People ask me what is my “specialty” in software development. My specialty, if I have one, is in not having a specialty. I feel like I can contribute on any task.
That answer throws people off. They repeat the question, explaining that everyone is best at something. Managers especially like the idea of specialists because it simplifies the assignment of work: UI tasks go to the UI guys (or gals), SQL tasks go to the SQL guys, middle-tier tasks go to the middle-tier guys, and so on.
Before launching my illustrious career in software development, I worked on a union construction site. Everyone’s job was defined in excruciating detail — what each union member could and couldn’t do.
For example, if we needed to move a pallet from here to there, we had to find a teamster to drive the forklift. There were a few exceptions to that rule, depending on what was sitting on the pallet. In the exceptional cases, we had to find an operator to drive the forklift.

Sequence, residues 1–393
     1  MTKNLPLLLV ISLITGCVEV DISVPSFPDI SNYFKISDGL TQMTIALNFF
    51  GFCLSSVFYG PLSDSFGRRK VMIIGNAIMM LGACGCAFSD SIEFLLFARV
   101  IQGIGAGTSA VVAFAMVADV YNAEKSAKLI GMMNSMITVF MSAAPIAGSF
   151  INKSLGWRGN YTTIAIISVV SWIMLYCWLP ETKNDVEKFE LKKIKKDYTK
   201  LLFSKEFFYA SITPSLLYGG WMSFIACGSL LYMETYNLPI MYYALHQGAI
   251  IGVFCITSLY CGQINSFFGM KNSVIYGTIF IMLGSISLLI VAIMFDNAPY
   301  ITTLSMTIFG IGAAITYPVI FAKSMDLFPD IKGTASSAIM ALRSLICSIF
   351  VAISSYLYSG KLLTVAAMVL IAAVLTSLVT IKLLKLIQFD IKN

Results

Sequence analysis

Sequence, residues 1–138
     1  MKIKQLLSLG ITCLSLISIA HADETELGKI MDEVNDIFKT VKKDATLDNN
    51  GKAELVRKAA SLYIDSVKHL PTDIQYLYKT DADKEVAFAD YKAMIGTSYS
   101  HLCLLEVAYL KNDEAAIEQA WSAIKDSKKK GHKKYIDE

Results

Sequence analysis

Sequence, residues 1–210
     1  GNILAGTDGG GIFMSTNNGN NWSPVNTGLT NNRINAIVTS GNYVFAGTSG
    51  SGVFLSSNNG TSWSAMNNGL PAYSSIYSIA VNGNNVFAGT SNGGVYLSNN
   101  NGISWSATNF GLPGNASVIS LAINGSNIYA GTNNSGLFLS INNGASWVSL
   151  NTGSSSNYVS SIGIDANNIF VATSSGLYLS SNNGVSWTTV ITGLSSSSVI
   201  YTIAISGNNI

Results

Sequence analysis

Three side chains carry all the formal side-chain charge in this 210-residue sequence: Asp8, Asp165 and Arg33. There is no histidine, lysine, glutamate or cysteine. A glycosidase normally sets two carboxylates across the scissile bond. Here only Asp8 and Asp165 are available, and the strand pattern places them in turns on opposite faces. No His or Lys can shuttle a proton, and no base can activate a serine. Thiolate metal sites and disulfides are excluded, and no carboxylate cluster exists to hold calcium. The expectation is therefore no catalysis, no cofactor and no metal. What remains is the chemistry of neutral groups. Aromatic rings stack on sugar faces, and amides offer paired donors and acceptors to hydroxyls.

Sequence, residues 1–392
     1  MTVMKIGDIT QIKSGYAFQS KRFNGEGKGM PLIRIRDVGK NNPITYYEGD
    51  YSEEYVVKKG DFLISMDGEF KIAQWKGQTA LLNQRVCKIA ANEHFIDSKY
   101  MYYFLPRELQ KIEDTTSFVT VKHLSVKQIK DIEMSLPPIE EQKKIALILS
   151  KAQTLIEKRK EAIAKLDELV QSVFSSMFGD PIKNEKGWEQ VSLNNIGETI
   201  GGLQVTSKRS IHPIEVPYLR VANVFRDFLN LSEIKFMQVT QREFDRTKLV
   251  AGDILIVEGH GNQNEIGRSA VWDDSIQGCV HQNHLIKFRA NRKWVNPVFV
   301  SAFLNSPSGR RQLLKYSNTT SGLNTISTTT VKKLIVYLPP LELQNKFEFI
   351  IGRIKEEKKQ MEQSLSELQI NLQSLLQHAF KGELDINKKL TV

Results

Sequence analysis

If we couldn’t find a teamster or an operator, the pallet had to sit where it was. We couldn’t move it. It didn’t matter how many other guys were standing around who knew how to drive a forklift.
Since then, I haven’t been a fan of specialization on work teams. It leads to some people having more work than they can possibly do while other people are standing around idle.
I’d make an exception if work demand could be guaranteed to match the available allocation of specialists (i.e., never), but if not, then give me a team of generalists every time.
Thus spoke The Programmer.